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Metal Casting in acrylic laser-cut molds

We’ve been experimenting a bit with metal casting recently. Pewter is a very easy metal to work with. Because of it’s low melting point, it can be poured into molds of a variety of materials. You can even melt it at home on the stove! At the Node, one of our members has a small electric melting pot so we used that to melt the pewter and pour it into an acrylic mold. We tried this last month and then again yesterday and the results are great.


The first step was to create the design on the computer. The trick is to make sure each piece is connected, and sprued and vented properly. When we pour metal into the mold the air inside the mold has to have a way to escape. We added vent lines on either side and a big pour spout in the middle.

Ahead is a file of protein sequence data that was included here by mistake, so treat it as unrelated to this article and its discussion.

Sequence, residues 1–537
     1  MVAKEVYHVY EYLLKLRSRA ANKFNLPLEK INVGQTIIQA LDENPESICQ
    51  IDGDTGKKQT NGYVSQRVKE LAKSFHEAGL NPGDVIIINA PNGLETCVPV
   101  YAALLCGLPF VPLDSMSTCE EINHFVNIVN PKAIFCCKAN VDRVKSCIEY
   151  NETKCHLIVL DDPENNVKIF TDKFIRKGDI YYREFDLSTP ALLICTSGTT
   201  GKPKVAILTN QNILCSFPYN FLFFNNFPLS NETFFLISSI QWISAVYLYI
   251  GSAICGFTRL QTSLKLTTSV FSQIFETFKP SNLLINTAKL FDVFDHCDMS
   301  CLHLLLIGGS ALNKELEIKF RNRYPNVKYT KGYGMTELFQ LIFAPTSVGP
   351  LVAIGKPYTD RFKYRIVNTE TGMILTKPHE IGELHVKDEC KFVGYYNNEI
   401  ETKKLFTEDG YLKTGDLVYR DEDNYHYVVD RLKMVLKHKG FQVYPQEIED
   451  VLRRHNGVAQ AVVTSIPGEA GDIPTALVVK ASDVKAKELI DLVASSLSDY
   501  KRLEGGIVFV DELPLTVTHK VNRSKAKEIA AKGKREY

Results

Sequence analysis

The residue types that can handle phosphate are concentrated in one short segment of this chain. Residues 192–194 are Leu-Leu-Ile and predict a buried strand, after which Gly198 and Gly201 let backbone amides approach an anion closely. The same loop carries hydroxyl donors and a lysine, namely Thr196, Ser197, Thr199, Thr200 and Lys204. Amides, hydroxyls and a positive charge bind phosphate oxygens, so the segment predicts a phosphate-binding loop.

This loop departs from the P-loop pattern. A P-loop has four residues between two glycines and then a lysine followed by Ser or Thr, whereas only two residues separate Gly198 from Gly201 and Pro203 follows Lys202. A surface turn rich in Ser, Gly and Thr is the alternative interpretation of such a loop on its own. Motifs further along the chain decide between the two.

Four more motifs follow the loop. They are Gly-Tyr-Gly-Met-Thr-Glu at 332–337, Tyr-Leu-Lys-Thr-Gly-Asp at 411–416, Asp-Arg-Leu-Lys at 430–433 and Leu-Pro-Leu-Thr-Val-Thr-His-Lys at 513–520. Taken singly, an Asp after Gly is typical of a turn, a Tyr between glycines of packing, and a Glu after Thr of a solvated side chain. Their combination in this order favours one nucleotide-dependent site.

The shape had some internal features like the hole in the top of the R, the piece between the R and the U, and the big piece between the U and the T, so those pieces of acrylic were cut loose. The vent lines and pour spout also made some separate pieces, so they had to be attached carefully. We cut a second rectangle and glued the loose pieces to the rectangle using acrylic welder.



We then sanded a small pour spout into the top of a piece of wood and clamped the mold in between to wooden pieces.IMG_20160221_160444935IMG_20160221_160409856

The metal was melted and at around 550 degrees. A ladle was used to scoop up and pour a little bit of metal into the opening. The metal flowed down into the mold, displacing the air which flowed out the side vents.


After the mold cooled, the clamps were removed, the wood blocks were separated, and the acrylic mold was snapped apart to remove the cast pewter. The vent lines and sprues were removed with pliers and the final piece still has to be sanded and polished.




You can learn how to do this too and make one for yourself in an upcoming “The More You Node” workshop! Stay tuned for details.

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